} elsif ($ip_bytes[$i] == 224 ) { $bits += 3; 
 } elsif ($ip_bytes[$i] == 192 ) { $bits += 2; 
 } elsif ($ip_bytes[$i] == 128 ) { $bits += 1; 
 } elsif ($ip_bytes[$i] != 0 ) {
 print "invalid mask for bit count format
";
 exit( );
 }
 }
 return("/" . $bits);
}
sub cvt_bits_mask( ) {
 local($bits) = @_;

 if ($bits <= 8 ) {
 $a = bits_to_dec($bits);
 $b=$c=$d=0;
 } else {
 $a=255;
 if ($bits <= 16 ) {
 $b = bits_to_dec($bits-8);
 $c=$d=0; 
 } else {
 $b=255;
 if ($bits <= 24 ) {
 $c = bits_to_dec($bits-16);
 $d=0;
 } else {
 $c=255;
 if ($bits <= 32 ) {
 $d = bits_to_dec($bits-24);
 } else {
 print "invalid bit count
";
 exit( );
 }
 }
 }
 }
 return ($a . "." . $b . "." . $c . "." . $d);
}

sub bits_to_dec( ) {
 local($bits) = @_;

 if($bits == 0 ) { return 0; }
 if($bits == 1 ) { return 128; }
 if($bits == 2 ) { return 192; }
 if($bits == 3 ) { return 224; }
 if($bits == 4 ) { return 240; }
 if($bits == 5 ) { return 248; }
 if($bits == 6 ) { return 252; }
 if($bits == 7 ) { return 254; }
 if($bits == 8 ) { return 255; }
}

Discussion

This script performs several different functions. It converts from netmask format to either wildcard or bit count format, from wildcard to either netmask or bit count format, and from bit count to either netmask or wildcard format. Many experienced network engineers pride themselves on doing these conversions in their heads. But it is still relatively common to find router configurations in which the conversion has been done incorrectly.

The difference between netmask and wildcard formats is that netmask format uses ones in the bit pattern to represent bits that do not change, while wildcard format uses zeroes to represent these bits. So, for example, if you are constructing an access-list that looks at all of the devices in the subnet 192.168.1.0/24, the netmask would be 255.255.255.0, and the wildcard in the access-list would be 0.0.0.255.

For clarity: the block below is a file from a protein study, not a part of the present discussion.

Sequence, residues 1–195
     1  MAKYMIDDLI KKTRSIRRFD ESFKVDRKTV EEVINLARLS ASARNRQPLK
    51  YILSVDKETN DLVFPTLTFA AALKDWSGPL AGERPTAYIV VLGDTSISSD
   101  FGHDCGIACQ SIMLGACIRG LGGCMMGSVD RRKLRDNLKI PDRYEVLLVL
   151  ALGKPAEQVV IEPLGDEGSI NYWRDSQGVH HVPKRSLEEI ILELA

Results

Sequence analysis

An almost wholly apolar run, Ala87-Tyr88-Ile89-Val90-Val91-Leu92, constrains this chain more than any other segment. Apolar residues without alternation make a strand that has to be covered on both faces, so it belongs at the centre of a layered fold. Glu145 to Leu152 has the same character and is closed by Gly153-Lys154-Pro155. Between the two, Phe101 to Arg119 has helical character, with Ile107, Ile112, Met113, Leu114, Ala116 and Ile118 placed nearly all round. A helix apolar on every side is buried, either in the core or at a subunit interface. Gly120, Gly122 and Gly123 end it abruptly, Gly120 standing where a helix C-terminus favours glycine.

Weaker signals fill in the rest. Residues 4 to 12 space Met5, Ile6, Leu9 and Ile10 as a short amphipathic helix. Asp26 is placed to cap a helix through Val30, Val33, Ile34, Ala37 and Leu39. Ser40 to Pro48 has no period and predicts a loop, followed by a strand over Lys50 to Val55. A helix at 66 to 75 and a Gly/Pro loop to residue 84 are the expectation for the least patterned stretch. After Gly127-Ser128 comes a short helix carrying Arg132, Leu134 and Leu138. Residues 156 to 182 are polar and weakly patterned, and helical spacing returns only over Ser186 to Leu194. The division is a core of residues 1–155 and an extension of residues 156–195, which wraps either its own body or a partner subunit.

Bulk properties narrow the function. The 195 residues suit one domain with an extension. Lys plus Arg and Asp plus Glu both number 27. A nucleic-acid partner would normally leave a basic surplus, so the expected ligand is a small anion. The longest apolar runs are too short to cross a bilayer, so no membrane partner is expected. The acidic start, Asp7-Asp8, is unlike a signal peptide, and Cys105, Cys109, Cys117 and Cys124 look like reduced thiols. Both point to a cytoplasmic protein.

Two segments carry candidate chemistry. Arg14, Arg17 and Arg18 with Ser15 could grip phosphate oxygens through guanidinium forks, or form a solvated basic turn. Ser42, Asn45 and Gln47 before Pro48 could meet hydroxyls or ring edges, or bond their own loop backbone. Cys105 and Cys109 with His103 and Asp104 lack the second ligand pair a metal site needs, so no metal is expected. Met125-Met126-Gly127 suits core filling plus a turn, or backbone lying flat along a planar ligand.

The reason for the difference is that you will sometimes want to construct an access-list that doesn't care which subnet a device is on, but can be used to select a particular set of devices on that subnet. Access-lists don't look at subnets, they do pattern matching on addresses.

To convert from wildcard format to netmask format, or vice versa, the program simply subtracts each byte in the mask from the number 255, which is 8 bits of all ones. It should be relatively easy to see that this converts all of the ones in a binary pattern to zeroes, and all of the zeroes to ones.

The conversion to or CIDR bit count format is slightly more complicated in the program, but easier in concept. If the input is a netmask, the CIDR bit count is simply the number of ones in the bit pattern, counting from the left. Similarly, if the source is a wildcard, then the bit count can be found by counting zeroes. The program actually only has one subroutine for counting bits. If it needs to convert a wildcard pattern to a bit count, it converts it to netmask format first.

It is important to notice that the CIDR bit count format only makes sense if all of the ones in a netmask are on the left, and all of the zeroes on the right. Then this number simply represents the location of the transition from ones to zeroes, which in turn represents the division point between the network and host portions of the address. So the program includes a check to ensure that the netmask pattern is valid, with no zeroes to the left of any ones in the pattern.





Cisco IOS Cookbook
Cisco IOS Cookbook (Cookbooks (OReilly))
ISBN: 0596527225
EAN: 2147483647
Year: 2004
Pages: 505